Monday, November 19, 2007

Oh, Brother...

Insanity has been defined as trying the same thing over and over, expecting a different result (meaning insanity is the essence of psychological conditioning, but I digress).

In foreign affairs, especially in the "war" on terrorists, it's a dangerous game to play:
WASHINGTON, Nov. 18 — A new and classified American military proposal outlines an intensified effort to enlist tribal leaders in the frontier areas of Pakistan in the fight against Al Qaeda and the Taliban, as part of a broader effort to bolster Pakistani forces against an expanding militancy, American military officials said.
OK, makes sense: buy a warlord or a dozen, and enlist their help in tracking down Osama and his minions, and capture them.

Right? Eh. Not so much:
But it raises the question of whether such partnerships, to be forged in this case by Pakistani troops backed by the United States, can be made without a significant American military presence in Pakistan. And it is unclear whether enough support can be found among the tribes, some of which are working with Pakistan's intelligence agency.
Why am I uncertain of the efficacy of this strategy?

Afghan Warlord Teams Up With Taliban And Al Qaeda

Afghan Warlord Splits With Taliban

More detail? Here:
Most disturbing to the allied commanders is that at least two of the enemy warlords, Gulbuddin Hekmatyar and Jalaluddin Haqqani, received many millions of dollars in cash, plus sophisticated weapons from the CIA and the Pakistani intelligence service (ISI), when they were fighting against the Soviet occupation of their country in the 1980s. Those weapons have now been turned against their former providers.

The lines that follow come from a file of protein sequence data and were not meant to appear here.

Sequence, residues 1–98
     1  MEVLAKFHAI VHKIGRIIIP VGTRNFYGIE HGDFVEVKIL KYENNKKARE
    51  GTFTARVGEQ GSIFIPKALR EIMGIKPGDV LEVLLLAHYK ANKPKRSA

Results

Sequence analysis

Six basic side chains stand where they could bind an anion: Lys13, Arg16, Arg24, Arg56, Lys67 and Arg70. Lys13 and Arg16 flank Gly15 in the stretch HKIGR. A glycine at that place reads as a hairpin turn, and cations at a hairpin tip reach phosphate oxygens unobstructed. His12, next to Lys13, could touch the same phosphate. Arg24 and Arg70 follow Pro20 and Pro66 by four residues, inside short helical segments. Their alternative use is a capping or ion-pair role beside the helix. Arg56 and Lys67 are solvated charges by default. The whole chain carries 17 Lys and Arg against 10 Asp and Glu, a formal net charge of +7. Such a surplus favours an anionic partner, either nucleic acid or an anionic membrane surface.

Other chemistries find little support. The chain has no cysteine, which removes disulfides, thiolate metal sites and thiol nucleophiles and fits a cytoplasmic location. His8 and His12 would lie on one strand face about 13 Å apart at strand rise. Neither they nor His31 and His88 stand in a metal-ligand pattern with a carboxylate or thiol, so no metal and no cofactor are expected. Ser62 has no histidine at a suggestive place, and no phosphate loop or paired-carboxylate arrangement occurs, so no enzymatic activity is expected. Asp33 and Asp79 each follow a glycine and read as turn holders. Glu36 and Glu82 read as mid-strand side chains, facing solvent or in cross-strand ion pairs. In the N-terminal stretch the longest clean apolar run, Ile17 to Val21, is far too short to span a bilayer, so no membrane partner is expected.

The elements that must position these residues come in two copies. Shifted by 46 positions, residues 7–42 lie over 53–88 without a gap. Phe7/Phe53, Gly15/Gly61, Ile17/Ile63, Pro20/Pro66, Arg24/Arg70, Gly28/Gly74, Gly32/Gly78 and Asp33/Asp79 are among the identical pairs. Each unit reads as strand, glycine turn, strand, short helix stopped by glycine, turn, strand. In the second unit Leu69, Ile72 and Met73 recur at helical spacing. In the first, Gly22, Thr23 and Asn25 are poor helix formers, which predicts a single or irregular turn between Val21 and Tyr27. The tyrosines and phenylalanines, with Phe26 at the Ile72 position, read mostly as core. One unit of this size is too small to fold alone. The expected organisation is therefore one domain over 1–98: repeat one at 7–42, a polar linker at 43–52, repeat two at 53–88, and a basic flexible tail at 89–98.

Lieutenant-General Karl Eikenberry, commander of Combined Forces Command in Afghanistan, with 20,000 US soldiers under his control, said western intelligence had identified a "Taliban triumvirate" that has been operating since spring of this year. [...]

At that time, the Americans did not care that Hizb-i Islami, the militant group founded by Hekmatyar, espoused an extremist religious and anti-Western ideology, and attracted thousands of religious radicals to Afghanistan, among them Osama bin Laden himself.

Hekmatyar even became prime minister twice in the 1990s. After September 11 2001, he sided with Osama bin Laden, and was named as a global terrorist by an executive order of the US government. He has issued a tape calling for a jihad against the US and offering rewards for those who kill US troops.
See, the rule of thumb when dealing with allies within factions of a country that one is at war with is, "If you buy them, they should stay bought."

This scenario has not played out, truthfully, in Afghanistan and there is no reason to think that Pakistani tribal leaders won't do the same: take US aid and particularly, arms, then turn around and protect Al Qaeda and the Taliban. They are more Pashtun than Pakistani (or Afghani), and so are the Taliban and much of Al Qaeda in that region.

So you tell me: is blood thicker than a falling dollar?